The California Academy of Mathematics and Science (CAMS) has broken another record.
CAMS' class of 2018 is sending seven students to the Massachusetts Institute of Technology (MIT) and three students to Olin College of Engineering — and it's an accomplishment for the books.
"CAMS normally has one or two such acceptances each year, so seven is pretty extraordinary," Chris Eftychiou, director of public information for the Long Beach Unified School District, said about the record number of students admitted to MIT.
CAMS is a mathematics and science magnet school in the LBUSD. It is in Carson, on the California State University, Dominguez Hills, campus.
The students admitted to MIT are Kevin Ho, Diana Garibay, Mario Leva, Ikenna Maduno, Kaleb Blake, Vinh Le and Shavonna Jackson.
Students attending Olin are Odalys Benitez, Wesley Soo-Hoo and Jerry Goss. Mario Leva also was admitted into Olin, but has decided to attend MIT.
"It was a shock to be admitted into both of them," Leva said. "Getting into them seems like a dream come true."
His classmate, Wesley Soo-Hoo, joked that choosing between both colleges was a good problem to have as both schools have between an eight and nine percent acceptance rate.
Kevin Ho — one of the future MIT students — has worn an MIT baseball cap throughout his high school career. The hat's colors have faded and his classmates were quick to point out that although Ho might not have much to say about his accomplishments, MIT is a goal that he has been aiming at for a while, said.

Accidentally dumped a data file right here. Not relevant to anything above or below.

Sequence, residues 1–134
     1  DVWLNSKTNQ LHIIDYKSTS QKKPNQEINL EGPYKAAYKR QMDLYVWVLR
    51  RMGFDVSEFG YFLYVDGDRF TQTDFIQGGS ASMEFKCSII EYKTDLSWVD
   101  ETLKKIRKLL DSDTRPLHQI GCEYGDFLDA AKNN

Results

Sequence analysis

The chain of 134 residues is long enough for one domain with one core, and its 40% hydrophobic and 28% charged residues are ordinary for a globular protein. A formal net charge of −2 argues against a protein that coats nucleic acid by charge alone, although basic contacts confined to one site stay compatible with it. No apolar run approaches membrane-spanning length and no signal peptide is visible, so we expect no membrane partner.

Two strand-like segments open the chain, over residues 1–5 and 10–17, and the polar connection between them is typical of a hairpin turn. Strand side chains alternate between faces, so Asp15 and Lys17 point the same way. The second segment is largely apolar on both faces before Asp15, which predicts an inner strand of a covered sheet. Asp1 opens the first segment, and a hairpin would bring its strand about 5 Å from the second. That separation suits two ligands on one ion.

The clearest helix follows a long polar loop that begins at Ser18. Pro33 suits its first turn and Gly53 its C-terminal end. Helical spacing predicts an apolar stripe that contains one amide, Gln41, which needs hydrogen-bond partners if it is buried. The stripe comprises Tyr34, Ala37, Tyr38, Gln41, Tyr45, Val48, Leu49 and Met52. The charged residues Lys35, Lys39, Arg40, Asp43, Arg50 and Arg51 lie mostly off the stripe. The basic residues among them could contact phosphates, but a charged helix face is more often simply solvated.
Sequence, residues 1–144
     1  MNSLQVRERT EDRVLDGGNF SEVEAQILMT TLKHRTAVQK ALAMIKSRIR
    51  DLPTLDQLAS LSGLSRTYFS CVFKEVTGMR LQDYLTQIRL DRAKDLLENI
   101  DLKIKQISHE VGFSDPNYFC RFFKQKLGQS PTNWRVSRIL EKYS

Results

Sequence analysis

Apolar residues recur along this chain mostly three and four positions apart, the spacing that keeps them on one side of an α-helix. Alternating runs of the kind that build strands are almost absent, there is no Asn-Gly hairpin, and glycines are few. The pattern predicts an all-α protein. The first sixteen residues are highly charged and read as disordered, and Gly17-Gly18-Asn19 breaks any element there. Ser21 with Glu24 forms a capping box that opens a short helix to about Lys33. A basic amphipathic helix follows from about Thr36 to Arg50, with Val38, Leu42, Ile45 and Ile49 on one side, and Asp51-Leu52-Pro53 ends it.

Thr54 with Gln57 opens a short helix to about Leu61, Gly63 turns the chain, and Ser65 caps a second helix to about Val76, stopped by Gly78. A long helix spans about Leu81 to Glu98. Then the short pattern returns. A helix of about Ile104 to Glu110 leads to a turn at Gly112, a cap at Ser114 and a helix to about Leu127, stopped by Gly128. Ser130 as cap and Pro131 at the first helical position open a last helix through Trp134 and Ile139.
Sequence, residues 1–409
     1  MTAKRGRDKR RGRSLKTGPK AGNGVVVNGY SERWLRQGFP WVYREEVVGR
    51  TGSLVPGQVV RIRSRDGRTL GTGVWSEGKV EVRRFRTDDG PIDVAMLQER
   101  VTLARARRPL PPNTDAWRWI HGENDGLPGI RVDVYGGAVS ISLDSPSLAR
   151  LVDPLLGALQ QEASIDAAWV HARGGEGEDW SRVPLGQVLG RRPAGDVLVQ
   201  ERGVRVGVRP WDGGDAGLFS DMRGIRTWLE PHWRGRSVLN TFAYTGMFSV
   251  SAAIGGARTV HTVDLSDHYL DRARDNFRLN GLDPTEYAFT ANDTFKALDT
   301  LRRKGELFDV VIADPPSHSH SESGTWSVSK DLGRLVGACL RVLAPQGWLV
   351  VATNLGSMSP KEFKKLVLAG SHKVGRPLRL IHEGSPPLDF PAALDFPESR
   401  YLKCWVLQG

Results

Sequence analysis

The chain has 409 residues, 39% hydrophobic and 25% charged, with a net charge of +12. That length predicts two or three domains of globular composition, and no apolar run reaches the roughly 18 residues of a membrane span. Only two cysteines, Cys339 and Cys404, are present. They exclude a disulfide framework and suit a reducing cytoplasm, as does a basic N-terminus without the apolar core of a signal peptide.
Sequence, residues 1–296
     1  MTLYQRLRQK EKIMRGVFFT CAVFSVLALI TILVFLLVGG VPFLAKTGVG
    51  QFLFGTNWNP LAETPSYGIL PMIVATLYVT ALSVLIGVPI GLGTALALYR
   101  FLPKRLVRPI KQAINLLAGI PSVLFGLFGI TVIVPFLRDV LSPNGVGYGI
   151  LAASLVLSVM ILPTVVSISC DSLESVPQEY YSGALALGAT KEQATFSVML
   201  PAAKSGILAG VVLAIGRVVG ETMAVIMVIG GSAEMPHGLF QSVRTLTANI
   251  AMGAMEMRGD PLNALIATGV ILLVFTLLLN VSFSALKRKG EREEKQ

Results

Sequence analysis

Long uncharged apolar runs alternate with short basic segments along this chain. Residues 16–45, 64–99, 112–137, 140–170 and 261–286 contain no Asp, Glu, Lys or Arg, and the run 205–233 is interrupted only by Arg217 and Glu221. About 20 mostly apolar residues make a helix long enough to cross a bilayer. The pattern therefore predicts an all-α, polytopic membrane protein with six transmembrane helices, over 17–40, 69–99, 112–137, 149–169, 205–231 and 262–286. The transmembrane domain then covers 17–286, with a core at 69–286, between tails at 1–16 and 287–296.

"It's the school I've wanted to go to for a long time," he said.
"When decision day came, everyone was worried about Kevin," classmate Jerry Goss said, noting that Ho's first choice was always MIT as far as he knew. "But then we saw that he was still wearing the hat, so it was all good."
But for some, the acceptance is more than a personal accomplishment.
Odalyn Benitez said that she is the first person in her family to not just graduate from high school, but to be accepted into a college as well. For her, attending MIT is a testament to the sacrifices her family made for her benefit.
"I'm first generation, so this is a long goal that I have been wanting to complete for a while for my family," Benitez said. "I want to be a pioneer... I chose going out of my comfort zone to pursue an amazing education."
As for academics, the students have a few things in common: their schedules are filled with AP and advance courses, they participate in after school activities and clubs and they spend a lot of time studying.
"Most of us take a college class at the university here," Diana Garibay said. "We also have a two and a half hour lab once a week as well as AP physics and other AP classes."
"There's usually late days, a lot of late days, especially if you have labs," Kaleb Blake said about his workload. "You just have to stay consistent with your work."
Some of the students are a part of the school's robotics club, Nerd Herd Team 687A.
"For the robotics team we put in at least 12 hours of work at school and then maybe another 30 or 40 hours at home," Soo-Hoo said. "I remember at one point I was spending at least 80 hours a week on all of my work."
But despite the hard work, the soon-to-be CAMS graduates remain humble about their accomplishments and agree that regardless of what a person pursues, confidence in oneself is key.
"The emphasis should be placed on being authentic to yourself," Ikenna Maduno said. "Concentrate on what reflects you as an individual."
"One of my colleges asked me, 'Who are you your most authentic self with?'" Goss said in response to Maduno. "I wrote that I am my most authentic self when I am around nobody."
When asked if he was accepted to that college, he said, "Yes, that was my answer for Olin."
Stephanie Stutzman can be reached at email@example.com.